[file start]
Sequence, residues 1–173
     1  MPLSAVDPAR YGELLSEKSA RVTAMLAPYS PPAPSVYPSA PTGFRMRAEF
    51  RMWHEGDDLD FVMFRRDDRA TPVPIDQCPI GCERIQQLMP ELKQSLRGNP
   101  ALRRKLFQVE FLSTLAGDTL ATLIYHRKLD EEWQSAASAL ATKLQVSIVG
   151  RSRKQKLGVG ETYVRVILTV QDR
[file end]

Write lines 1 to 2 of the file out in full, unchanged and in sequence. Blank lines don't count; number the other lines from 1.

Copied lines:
Sequence, residues 1–173
     1  MPLSAVDPAR YGELLSEKSA RVTAMLAPYS PPAPSVYPSA PTGFRMRAEF